This week, 20 high schoolers and four chaperones from St. John’s Lutheran Church in Salisbury, North Carolina, helped the students and families of Escuela Integrada. At the school, they gave the second floor a fresh coat of paint and filled food bags for home visits. They also formed relationships with the students at Escuela Integrada by working on collaborative craft projects, playing soccer at Jocofut and serving together at Casa Maria, a nursing home for people with developmental disabilities in Jocotenango.
“Service is not always physical,” said Kai Thurow, minister for youth and family at St. John’s. “It’s more than brick and mortar and sweat. It’s helpful to build homes, but it’s also about the service of accompaniment.”
The nursing home experience was the most challenging, said Thurow. The students saw first-hand that nursing homes in Guatemala do not resemble those in the U.S. Many of the residents used wheelchairs and walkers, or required makeshift ways to stay upright. Nurses assisted the residents in moving from place to place, feeding those who were not able to do so on their own. Some were barefoot, and most wore clothes that did not fit.
“They didn’t seem bothered by the flies on them,” said Thurow. “They were just sitting there, eating whatever was handed to them.”
The high schoolers from St. John’s worked with the seventh, eighth and ninth graders from Escuela Integrada to make crafts for the residents. Together, they presented their crafts, visited with the residents and served food and drinks. On Monday and Wednesday, they played bingo, and on Tuesday, they danced with the residents and helped them swing at a piñata.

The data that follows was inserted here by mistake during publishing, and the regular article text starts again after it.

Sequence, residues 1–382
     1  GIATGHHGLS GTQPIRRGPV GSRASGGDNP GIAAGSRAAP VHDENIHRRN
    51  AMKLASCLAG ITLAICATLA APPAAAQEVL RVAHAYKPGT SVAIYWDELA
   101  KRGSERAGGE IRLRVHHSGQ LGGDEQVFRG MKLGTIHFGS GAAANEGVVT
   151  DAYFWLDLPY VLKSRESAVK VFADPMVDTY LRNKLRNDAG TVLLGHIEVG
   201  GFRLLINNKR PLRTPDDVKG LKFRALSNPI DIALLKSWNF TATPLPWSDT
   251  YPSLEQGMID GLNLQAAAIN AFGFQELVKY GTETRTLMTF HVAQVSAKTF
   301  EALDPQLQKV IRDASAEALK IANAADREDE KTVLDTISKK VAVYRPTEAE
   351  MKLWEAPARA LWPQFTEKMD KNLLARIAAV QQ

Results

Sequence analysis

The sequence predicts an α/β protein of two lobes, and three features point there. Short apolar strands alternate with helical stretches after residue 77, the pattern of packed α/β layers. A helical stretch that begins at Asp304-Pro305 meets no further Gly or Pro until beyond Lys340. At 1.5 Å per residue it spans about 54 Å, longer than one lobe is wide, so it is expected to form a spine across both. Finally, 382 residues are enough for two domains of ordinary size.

“In the U.S. nursing homes have different wards for different mental and physical capacities,” said Thurow. “We are used to seeing the areas for the able bodied and the mentally capable. It’s a big difference.”
Serving the residents at Casa Maria was difficult for the high schoolers and the students from Escuela Integrada, many of whom were moved to tears after seeing the conditions of the nursing home and the mental and physical abilities of the residents. Working together, however, helped the two groups grow in relationship and communication.
“Despite the language barrier between our high schoolers and the students at Escuela Integrada, they are working together for others,” said Thurow. “They are finding a way to communicate and have fun.”
Every night, the high schoolers gathered in PEAK (Pray, Encourage, Affirm and Kick into gear) groups to debrief the day. They shared their “mountain top” experiences and difficult, oftentimes heartbreaking moments, with one another. Later, they discussed emerging themes, topics and questions they have about life in Antigua and around the world.
“They are seeing that service is more than just fun, more than spending time with kids,” said Thurow. “They are seeing how life runs, how life works. They are pondering deep questions and figuring out how to apply their experience to their lives once they return to the U.S.”
The first group of high schoolers and chaperones returned to North Carolina on Saturday, July 8. They shared their experience using the hashtag #guatemala17. Check out their collective social media story, and search the hashtag on Facebook, Instagram and Twitter to see more.